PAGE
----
Secretary of State Brad Raffensperger said that Tuesday’s election went smoothly across the state, with the exception of a few minor hiccups. In all, 1.3 million voters, or 20% of registered voters, cast ballots for state and congressional primaries and elections for local races.

Georgians settle many races on the primary ballot, including surprise contest over abortion rights
Sign wavers stood outside a west Atlanta polling place Tuesday trying to convince passing motorists to stop and vote. Jill Nolin/Georgia Recorder

About 12% of Georgia voters cast ballots in the March 12 presidential primary that helped cement Trump and Biden’s nomination as Republican and Democratic presidential candidates..

Raffensperger said his election investigation team visited nearly 400 precincts across 102 counties Tuesday and found that  “everything was operating in good form.”

State election officials have predicted that six million Georgia residents will vote in the Nov. 5 general election, when the expected Biden-Trump rematch will be on the ballot 

“We think this is pretty good turnout for a primary which means coming this fall we really expect a strong turnout,” Raffensperger said Tuesday night after the polls closed.

The Secretary of State’s MyVoterPage crashed Tuesday afternoon for about 45 minutes after the system was unable to handle the volume of people trying to find out their polling place, registration status and other election information.

Also, on Tuesday morning a Troup County polling place was able to use battery power to keep electronic voting machines running after a tractor trailer knocked over a utility pole. 

Fair Fight, the voting rights group started by Stacey Abrams, raised concerns about “extreme delays” in vote-by-mail delivery and the technical glitches with the My Voter Page. The group criticized the Secretary of State’s office for not providing options and support for voters who were attempting to find their way through “a vastly different voting landscape than four years ago.”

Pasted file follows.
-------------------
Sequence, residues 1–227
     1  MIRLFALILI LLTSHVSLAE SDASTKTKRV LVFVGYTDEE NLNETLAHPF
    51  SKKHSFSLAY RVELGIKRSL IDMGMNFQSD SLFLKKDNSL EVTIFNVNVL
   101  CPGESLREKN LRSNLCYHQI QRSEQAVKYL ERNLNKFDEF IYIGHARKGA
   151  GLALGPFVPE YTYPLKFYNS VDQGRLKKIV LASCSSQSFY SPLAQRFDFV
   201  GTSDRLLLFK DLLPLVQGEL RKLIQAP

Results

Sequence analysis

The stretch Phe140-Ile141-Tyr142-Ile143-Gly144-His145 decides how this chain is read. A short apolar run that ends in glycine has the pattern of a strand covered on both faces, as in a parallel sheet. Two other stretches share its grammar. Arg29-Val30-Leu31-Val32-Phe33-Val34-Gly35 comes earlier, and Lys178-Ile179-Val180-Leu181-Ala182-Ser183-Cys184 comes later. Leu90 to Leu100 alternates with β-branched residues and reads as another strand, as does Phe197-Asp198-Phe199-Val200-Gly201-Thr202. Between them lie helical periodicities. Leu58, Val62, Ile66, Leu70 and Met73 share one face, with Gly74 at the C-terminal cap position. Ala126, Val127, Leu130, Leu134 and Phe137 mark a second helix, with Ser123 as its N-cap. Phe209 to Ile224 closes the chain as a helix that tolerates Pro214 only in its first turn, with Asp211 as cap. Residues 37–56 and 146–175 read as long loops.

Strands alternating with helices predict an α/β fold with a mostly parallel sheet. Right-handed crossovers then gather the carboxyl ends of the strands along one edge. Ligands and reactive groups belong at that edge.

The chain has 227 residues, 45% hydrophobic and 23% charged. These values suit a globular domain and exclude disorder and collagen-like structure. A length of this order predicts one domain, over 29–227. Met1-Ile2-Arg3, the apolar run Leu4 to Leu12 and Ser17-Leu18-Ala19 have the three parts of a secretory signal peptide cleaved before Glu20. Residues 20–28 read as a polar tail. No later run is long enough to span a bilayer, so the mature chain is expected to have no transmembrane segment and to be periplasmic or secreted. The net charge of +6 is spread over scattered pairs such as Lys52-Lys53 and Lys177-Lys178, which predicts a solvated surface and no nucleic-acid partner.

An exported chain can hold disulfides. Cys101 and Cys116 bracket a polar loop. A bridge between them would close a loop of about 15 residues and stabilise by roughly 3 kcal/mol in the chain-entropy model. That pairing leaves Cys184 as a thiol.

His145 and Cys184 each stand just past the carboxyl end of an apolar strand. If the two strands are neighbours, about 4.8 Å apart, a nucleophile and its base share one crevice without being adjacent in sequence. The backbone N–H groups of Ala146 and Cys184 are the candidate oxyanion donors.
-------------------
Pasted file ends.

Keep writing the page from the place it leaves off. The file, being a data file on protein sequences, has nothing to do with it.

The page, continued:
Cobb County resident Elinor Spears described the time it took her to submit her Democratic Party ballot as being as fast as “greased lightning.” 

Georgians settle many races on the primary ballot, including surprise contest over abortion rights
Issa Jackson, who is known professionally as DJ Kutt Throat, participated in the nonpartisan DJs at the Poll initiative. Jill Nolin/Georgia Recorder

She does not anticipate the same speed in November when significantly more voters are expected to turn out.

“I’ll be patient if I have to wait a little longer (Nov. 5). There’s too much at stake to worry about spending a few more minutes standing in line,” the 72-year-old retired public school teacher said.

Issa Jackson, who is known professionally as DJ Kutt Throat, was set up at C. T. Martin Natatorium and Recreation Center in west Atlanta as part of the nonpartisan DJs at the Polls initiative.

Jackson blasted upbeat music and occasionally spoke into a microphone in hopes of prodding more people to come vote. Others waved signs of individual candidates at the passing vehicles.

“Can’t complain about what’s going on in your community if you’re not voting,” Jackson said into the mic.  

Georgia Recorder reporters Ross Williams, Stanley Dunlap and Jill Nolin contributed to this report.